Researchers at the U.S. Department of Energy’s Argonne National Laboratory, working with scientists at the University of Northern Illinois, have discovered a new catalyst that converts carbon dioxide and water into ethanol, which they say is “very energy efficient, highly selective and low-cost for the end product scant,”media new Atlas reported.
The catalyst is made from atomicly dispersed copper ontoastands and acts as an electric catalyst that is in a low-voltage electric field when water and carbon dioxide pass through it. The reaction breaks down these molecules and then selectively rearranges them into ethanol, where they are electrocatalyticly selective or “Faraday efficiency” above 90%. The team said it was “much more than any other reported process.”
Once produced, ethanol can be used as a fuel additive or as an intermediate product in the chemical, pharmaceutical and cosmetic industries. Using it as a fuel would be an example of the “recycled carbon economy”, which would facilitate the reuse of carbon dioxide. If the process is driven by renewable energy, the researchers say, it can be done because of its low temperature, low-pressure operation and responsiveness to intermittent power supplies.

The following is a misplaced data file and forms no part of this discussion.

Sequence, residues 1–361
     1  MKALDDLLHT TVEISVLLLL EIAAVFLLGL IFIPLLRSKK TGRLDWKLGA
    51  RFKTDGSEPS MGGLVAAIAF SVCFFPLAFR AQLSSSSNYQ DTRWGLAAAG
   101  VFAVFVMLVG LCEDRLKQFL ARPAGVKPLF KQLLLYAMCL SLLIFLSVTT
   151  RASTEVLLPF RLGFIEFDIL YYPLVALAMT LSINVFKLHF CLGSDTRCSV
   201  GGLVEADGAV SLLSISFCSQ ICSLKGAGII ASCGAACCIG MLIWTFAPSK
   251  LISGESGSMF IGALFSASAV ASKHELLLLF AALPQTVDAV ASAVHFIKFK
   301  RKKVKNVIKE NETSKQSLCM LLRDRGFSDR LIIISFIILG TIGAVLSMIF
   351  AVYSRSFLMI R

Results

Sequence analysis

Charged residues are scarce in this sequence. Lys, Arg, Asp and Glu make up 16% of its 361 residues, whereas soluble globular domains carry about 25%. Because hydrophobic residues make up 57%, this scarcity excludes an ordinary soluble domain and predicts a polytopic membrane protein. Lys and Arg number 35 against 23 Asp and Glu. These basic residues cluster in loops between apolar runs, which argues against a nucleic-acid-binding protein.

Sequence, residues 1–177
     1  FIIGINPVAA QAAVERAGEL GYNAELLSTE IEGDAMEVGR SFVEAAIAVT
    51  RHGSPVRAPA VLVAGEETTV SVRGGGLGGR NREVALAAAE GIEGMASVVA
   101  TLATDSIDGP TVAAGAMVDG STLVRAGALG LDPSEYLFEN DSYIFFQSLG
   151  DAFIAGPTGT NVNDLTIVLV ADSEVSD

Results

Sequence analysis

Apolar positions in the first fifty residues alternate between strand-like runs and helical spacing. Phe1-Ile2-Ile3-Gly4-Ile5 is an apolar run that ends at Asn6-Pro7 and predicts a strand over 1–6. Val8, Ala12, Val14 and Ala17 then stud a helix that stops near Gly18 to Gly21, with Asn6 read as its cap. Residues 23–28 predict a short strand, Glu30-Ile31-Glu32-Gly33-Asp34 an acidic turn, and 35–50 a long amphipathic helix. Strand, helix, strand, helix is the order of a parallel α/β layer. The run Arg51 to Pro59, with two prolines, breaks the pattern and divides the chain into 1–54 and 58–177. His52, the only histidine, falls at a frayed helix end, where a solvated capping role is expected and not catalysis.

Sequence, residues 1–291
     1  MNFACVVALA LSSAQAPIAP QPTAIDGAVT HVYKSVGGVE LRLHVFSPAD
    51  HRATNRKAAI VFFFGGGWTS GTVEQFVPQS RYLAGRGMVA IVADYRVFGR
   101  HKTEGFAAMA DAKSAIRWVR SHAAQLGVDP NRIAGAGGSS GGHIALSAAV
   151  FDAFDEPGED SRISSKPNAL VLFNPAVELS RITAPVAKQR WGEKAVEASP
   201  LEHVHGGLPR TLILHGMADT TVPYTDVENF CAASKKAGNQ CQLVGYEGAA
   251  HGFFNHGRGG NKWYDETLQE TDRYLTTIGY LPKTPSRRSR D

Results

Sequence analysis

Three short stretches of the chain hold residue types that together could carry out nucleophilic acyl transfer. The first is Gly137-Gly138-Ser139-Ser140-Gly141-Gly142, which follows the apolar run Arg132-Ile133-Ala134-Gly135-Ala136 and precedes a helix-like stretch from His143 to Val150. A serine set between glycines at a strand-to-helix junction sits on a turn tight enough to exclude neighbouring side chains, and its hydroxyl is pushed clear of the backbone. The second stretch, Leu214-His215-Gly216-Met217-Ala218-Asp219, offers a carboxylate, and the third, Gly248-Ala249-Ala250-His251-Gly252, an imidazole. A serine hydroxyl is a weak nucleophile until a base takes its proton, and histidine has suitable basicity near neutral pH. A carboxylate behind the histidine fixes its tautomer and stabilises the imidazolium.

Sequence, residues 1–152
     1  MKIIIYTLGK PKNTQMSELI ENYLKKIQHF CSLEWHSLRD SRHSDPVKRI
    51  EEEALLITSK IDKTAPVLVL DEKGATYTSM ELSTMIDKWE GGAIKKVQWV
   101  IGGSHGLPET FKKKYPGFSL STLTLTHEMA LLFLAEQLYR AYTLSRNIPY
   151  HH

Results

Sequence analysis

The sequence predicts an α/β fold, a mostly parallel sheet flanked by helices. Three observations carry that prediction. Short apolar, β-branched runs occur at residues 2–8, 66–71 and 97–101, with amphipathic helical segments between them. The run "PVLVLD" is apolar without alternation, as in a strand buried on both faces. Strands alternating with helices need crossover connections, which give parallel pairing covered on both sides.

At this stage, it is not known what the cost will be. There are already synthetic fuels that use catalyzing carbon dioxide; Carbon Engineering, for example, is a company that extracts carbon dioxide from air to make synthetic crude oil, which can be refined into high-purity aviation fuels.
Such synthetic fuels need to compete with ordinary fossil gasoline at price, so it’s hard to put it on the spectrum between “unused clean results” and “environmentally significant discoveries” without knowing how the Argonne team’s carbon-capture ethanol competes with bioethanol and other sources.
The paper is published in Nature Energy.